Press Release: KIPP LA Prep Middle School Vaults To #2 in the Los Angeles Unified School District
KIPP LA Prep, which was ranked ninth last year, is featured in Davis Guggenheim's upcoming documentary Waiting for "Superman"
September 13, 2010
A KIPP LA Prep student at work.
LOS ANGELES – KIPP LA Prep middle school, part of the KIPP LA Schools family of public charter schools, has vaulted to number two in the Los Angeles Unified School District, with a score of 877 on the 2010 California Standards Tests. Just last year, KIPP LA Prep ranked ninth. KIPP LA Prep students strongly outperformed most public school students, including particularly impressive results in math and science.
KIPP LA Prep is prominently featured in the education reform documentary Waiting for “Superman”, directed by Davis Guggenheim, Academy Award-winning director of An Inconvenient Truth. KIPP was chosen because of its proven model of success nationwide, dedicated to preparing students in underserved communities for success in college and in life.
100% of 8th grade “KIPPsters” at KIPP LA Prep scored “proficient” or “advanced” on the California State Test in science – widely considered the target for student achievement – which is 44 percentage points higher than the average LAUSD student, and 31 percentage points higher than the average California public school student. And 90% of 5th graders scored proficient or advanced in science.
85% of KIPP LA Prep’s 5th graders overall tested proficient or advanced in math, which is 30 points higher than LAUSD and 25 points higher than the rest of the State. Especially heartening, 87% of KIPP LA Prep’s 8th graders were proficient or advanced in Algebra 1, as opposed to 32% for LAUSD and 31% for California. Success in Algebra 1 is considered the foundation for future success in mathematics, high school and college.
74% of KIPP LA Prep’s 8th graders were proficient or advanced in English Language Arts, which is 37 points higher than LAUSD and 20 points higher than the State of California.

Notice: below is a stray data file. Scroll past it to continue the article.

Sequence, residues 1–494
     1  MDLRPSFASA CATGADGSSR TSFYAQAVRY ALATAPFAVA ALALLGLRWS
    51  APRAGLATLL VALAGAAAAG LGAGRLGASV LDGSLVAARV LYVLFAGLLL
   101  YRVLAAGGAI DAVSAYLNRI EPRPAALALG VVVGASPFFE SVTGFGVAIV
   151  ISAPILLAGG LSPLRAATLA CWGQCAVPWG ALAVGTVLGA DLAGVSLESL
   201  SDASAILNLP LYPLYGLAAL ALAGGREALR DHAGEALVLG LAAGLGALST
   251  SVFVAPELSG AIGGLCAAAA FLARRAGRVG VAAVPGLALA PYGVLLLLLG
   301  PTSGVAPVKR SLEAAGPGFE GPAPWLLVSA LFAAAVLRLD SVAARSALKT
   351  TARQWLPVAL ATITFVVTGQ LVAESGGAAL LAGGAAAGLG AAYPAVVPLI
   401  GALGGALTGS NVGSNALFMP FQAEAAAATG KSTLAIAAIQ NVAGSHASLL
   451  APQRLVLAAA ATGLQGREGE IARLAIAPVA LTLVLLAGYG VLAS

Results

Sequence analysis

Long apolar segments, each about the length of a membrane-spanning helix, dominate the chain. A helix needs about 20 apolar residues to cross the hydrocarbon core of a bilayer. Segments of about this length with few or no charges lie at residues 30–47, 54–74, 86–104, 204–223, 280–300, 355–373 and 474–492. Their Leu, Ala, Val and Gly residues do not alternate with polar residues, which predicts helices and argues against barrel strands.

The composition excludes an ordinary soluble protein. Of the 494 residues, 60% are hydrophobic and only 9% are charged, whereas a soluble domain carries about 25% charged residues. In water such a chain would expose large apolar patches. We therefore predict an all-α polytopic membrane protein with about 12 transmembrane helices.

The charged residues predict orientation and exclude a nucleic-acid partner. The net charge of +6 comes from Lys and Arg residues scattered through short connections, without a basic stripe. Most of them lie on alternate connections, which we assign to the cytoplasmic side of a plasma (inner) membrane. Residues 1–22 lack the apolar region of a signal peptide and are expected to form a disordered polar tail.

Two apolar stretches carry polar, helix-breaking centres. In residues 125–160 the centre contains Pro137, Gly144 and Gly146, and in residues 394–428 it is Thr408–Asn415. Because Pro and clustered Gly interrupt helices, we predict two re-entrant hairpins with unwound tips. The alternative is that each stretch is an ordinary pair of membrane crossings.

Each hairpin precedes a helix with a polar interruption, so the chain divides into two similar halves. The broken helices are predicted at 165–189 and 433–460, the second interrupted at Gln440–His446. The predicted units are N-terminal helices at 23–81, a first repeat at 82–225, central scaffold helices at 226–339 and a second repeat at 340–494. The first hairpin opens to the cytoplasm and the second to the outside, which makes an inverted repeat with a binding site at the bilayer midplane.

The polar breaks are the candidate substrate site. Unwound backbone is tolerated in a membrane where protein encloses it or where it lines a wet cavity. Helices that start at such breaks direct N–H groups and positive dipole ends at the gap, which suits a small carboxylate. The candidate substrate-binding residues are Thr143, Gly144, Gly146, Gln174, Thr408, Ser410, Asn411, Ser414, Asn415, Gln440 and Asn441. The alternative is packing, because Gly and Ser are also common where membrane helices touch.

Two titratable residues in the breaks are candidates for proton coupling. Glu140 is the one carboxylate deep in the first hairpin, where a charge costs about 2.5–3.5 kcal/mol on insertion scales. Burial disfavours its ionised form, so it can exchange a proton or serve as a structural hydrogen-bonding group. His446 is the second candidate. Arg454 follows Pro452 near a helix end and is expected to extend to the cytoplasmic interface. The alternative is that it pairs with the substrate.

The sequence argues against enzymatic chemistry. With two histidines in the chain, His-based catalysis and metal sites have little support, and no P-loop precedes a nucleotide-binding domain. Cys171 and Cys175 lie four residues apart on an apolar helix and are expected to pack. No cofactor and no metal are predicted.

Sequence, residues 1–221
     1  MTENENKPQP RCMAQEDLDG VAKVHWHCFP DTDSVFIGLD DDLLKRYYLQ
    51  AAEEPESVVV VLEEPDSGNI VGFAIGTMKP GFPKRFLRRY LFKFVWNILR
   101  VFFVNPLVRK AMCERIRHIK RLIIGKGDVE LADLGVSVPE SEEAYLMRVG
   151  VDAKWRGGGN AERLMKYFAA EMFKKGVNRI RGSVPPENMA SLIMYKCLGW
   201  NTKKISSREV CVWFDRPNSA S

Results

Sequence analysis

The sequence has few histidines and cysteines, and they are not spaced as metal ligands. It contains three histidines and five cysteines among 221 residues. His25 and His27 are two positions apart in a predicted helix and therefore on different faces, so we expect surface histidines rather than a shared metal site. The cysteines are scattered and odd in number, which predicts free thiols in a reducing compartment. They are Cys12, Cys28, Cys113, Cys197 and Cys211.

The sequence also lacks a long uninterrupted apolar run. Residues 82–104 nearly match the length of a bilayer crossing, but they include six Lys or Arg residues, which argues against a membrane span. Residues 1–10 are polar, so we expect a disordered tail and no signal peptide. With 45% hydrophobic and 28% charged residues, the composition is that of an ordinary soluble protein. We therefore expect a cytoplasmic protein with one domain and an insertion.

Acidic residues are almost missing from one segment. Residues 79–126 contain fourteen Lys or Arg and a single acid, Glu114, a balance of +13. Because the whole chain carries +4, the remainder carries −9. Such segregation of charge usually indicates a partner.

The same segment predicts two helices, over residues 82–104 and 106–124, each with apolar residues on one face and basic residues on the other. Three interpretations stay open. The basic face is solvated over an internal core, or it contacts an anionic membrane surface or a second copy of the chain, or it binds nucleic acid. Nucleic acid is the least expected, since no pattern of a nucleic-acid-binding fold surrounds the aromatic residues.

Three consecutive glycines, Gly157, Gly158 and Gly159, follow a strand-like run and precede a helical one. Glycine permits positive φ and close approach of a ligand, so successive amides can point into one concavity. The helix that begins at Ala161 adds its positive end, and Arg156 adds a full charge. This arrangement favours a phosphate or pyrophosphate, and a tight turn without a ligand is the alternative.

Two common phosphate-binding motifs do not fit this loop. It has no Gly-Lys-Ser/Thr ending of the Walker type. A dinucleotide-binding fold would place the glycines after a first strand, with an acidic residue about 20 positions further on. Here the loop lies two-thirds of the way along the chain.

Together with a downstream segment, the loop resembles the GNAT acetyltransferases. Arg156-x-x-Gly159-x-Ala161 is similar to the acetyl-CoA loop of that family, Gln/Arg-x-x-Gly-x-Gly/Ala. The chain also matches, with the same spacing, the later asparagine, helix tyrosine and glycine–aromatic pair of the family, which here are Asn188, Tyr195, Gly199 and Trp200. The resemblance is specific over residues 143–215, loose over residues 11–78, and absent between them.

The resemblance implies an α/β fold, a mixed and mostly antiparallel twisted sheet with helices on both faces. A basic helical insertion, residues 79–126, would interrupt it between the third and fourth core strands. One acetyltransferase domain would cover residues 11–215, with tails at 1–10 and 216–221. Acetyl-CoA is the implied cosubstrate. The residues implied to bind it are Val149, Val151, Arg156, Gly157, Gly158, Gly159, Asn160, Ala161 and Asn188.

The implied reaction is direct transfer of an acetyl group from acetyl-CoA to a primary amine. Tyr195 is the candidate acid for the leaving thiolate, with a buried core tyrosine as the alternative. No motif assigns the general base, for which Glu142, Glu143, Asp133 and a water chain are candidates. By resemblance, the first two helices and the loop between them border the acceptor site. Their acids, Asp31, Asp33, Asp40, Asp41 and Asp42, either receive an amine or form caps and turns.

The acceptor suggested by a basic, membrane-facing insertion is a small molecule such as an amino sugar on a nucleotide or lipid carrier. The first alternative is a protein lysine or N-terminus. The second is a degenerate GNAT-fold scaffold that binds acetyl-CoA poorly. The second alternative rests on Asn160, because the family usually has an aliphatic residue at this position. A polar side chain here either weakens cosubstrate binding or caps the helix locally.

“I couldn’t be more proud of our KIPPsters, their families, and our teachers,” said Marcia Aaron, Executive Director of KIPP LA. “This proves our core belief that every child, no matter their demography, will learn. With our ‘no shortcuts, no excuses’ philosophy, our longer school day, and our continual focus on results and achievement, we are giving students in underserved communities the educational opportunities they deserve.”
About KIPP LA Prep
KIPP LA Prep has 365 students in grades five through eight, and 94% of its students are Latino. 95% of the students in the school qualify for free or reduced lunches.
About KIPP LA Schools
KIPP LA Schools is a non-profit organization that operates elementary and middle public charter schools in under-resourced communities in Los Angeles. We are part of the nationwide KIPP (Knowledge Is Power Program) network of 99 schools in 19 states and Washington, DC.
KIPP first came to Los Angeles in 2003 when KIPP Academy of Opportunity and KIPP LA Prep (both middle schools) opened. In 2007, a charter school management organization, KIPP LA Schools, was formed to support and open more KIPP schools in Los Angeles. In 2008, KIPP LA’s first elementary school, KIPP Raíces Academy, opened. KIPP LA is in the process expanding to 14 schools – seven elementary and seven middle schools – by 2016. When all schools are operating at capacity, by 2020, KIPP LA will serve approximately 6,000 students in grades K-8. Just this year, KIPP LA opened two elementary schools: KIPP Comienza Community Prep and KIPP Empower Academy.
In South and East Los Angeles, an estimated ten percent of incoming high school freshman go on to college and just four percent earn a college degree. Once all KIPP LA middle schools have alumni in college, we estimate we will increase the annual college-going rate in our communities by nearly 50 percent. For more information, go to www.kippla.org.
KIPP (Knowledge Is Power Program) is a national network of tuition-free, open-enrollment, college-preparatory public charter schools with a national track record for educating low-income and minority students. KIPP began in 1994 when two young teachers – Mike Feinberg and Dave Levin – launched a program for fifth graders in a public school in inner-city Houston, TX after completing their commitment to Teach For America. Nationally, more than 80 percent of KIPP students are low-income and more than 90 percent are African American or Hispanic/Latino. For more information, go to www.kipp.org.
About Waiting for ‘Superman’
For more information, go to www.waitingforsuperman.com.